Fun Facts
⦁ Stingrays are members of the shark family of species.
⦁ The Crocodile Hunter met his end when a stingray stung him in the chest.
⦁ There is a tribe in the Amazon hates the stingray so much, because of their painful stings, that they kill them on sight.

9. Trapdoor Spider
The Trapdoor spider takes that natural stealth a step further, and proves that just because you don’t have good camouflage, doesn’t mean you can’t be hard to spot. The trapdoor spider is an ambush predator that lies in wait in a trapdoor covered hole which blends seamlessly into the surrounding ground. As soon as anything it thinks is food wanders close enough to its hole, it pops out and strikes.
Fun Facts
⦁ The walls of their hole is made from their silk.
⦁ Trapdoor spiders are often kept as pets.
⦁ Their bite is relatively harmless, to humans

8. The Great White Shark

Nature documentaries tend not to show just how easy it is for some large predators to hide within their environment. The great white shark is one of those invisible predators. The dark color on the top blends perfectly with the murky depth of the ocean, and the white underbelly makes the shark invisible from anything looking at it from below. Surfers never say, “I saw it coming from a mile away, but, Dude, I had to catch that last wave.’ It’s more like, “I was minding my own business, and then out of nowhere, it felt like I got hit by a city bus…with teeth.”
Fun Facts
⦁ Sharks can get a tan, providing they stay in shallow enough water long enough to get that much sun.
⦁ Except for their teeth and jaws, sharks have no bones. It’s all cartilage.
⦁ The great white’s ancestor, the megalodon, was a shark about the size of a T-Rex. It had teeth larger than a human hand.

7. The Peppered Moth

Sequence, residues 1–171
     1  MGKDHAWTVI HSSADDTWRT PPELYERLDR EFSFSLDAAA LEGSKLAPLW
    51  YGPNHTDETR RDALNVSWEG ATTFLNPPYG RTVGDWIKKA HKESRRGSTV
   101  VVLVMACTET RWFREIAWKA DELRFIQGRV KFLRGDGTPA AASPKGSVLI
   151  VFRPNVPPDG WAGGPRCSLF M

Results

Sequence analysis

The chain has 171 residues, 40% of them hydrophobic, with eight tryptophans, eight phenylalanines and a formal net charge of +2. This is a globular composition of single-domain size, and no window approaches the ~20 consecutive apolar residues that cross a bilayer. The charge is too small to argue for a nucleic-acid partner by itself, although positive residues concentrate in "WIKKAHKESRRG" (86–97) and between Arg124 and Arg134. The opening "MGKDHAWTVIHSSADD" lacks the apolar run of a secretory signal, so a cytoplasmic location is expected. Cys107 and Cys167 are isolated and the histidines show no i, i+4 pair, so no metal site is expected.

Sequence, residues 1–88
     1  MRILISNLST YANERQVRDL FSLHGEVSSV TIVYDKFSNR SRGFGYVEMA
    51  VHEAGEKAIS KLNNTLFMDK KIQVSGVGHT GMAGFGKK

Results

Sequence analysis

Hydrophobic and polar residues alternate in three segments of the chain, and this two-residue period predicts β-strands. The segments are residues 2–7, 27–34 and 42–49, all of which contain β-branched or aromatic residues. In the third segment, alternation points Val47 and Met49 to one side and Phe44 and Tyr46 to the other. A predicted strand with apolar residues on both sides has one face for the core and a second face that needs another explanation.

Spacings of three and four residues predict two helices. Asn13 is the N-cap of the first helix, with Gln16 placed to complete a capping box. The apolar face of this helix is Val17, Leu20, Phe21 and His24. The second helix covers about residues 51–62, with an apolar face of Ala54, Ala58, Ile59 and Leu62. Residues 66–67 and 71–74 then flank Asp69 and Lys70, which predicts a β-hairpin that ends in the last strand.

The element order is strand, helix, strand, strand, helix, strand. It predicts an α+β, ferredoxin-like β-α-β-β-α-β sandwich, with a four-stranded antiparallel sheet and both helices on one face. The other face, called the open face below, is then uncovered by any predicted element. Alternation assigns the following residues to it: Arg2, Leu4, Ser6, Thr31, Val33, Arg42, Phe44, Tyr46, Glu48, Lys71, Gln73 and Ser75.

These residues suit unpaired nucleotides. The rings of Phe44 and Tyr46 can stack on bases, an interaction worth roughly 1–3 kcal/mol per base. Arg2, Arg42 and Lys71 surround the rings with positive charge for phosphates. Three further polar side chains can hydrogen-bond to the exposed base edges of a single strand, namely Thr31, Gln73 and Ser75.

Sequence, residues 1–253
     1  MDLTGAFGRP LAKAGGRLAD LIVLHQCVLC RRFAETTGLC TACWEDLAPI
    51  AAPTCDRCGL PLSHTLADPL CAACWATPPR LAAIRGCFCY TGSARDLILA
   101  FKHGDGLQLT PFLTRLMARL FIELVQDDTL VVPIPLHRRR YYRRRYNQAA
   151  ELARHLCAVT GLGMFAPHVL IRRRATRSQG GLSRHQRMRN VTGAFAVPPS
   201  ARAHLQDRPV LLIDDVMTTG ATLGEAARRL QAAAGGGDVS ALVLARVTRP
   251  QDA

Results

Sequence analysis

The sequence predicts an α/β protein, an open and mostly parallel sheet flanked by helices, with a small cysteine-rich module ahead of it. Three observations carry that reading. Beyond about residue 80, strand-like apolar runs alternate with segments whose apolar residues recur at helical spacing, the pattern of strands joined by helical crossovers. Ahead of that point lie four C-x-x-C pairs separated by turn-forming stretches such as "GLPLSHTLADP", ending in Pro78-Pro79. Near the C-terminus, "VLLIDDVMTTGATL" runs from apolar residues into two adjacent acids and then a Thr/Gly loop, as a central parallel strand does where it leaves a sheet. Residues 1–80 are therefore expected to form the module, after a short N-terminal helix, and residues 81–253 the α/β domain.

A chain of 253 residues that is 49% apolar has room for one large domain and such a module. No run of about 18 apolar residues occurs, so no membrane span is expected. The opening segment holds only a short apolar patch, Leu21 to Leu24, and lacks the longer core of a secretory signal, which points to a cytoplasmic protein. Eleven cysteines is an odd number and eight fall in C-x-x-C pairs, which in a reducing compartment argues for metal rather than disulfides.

The peppered moth can be found in many parts of the world, from China to North America and in-between. The moth has also demonstrated how natural selection works, and the impact humans can make on the environment. The peppered moth, in some locations, has changed the color of its camo due to the lichens where they hide being killed off during the early days of the Industrial Revolution.
Fun Facts
⦁ The caterpillar (larval form) of the peppered moth is a mimic. It looks like a twig.
⦁ The females only fly once. They make it to a safe spot, and release pheromones to attract mates.
⦁ Its biggest predator is the bat, where its camouflage is useless.

6. Alligators and Crocodiles

Like sharks, these predators have been around since the time of the dinosaurs, and have remained largely unchanged for 65 million years. Alligators and crocodiles are ambush predators that eat fish, or whatever comes to the edge of a river for a drink. Their coloring and shape make them invisible, as they wait just under the surface of the water. If you ever find yourself in the water with one, try not to splash. They see splashing about in the water as a sign of prey ready to be dinner.
⦁ Alligators can live for up to a year, without food.
⦁ The saltwater crocodile has a bite that measures 3,700 psi. Near that what the Tyrannosaurus is thought to have had.
⦁ Recently, a burglary suspect in Florida, who decided to hide from police in a pond, was killed and eaten by an 11 foot alligator.

5. The Anaconda

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The anaconda is one of the biggest snakes on the planet. Despite its size, it is all but invisible while it lies in wait for its prey. The green scales and darker patterns blend in with the marshy areas the Anaconda calls home. People living in the Amazon claim that the anaconda is a man-eater, though there have been no verified claims, despite what viral pics from the internet say. Anacondas do eat deer, crocodiles, and jaguars, so eating a human isn’t out of the question.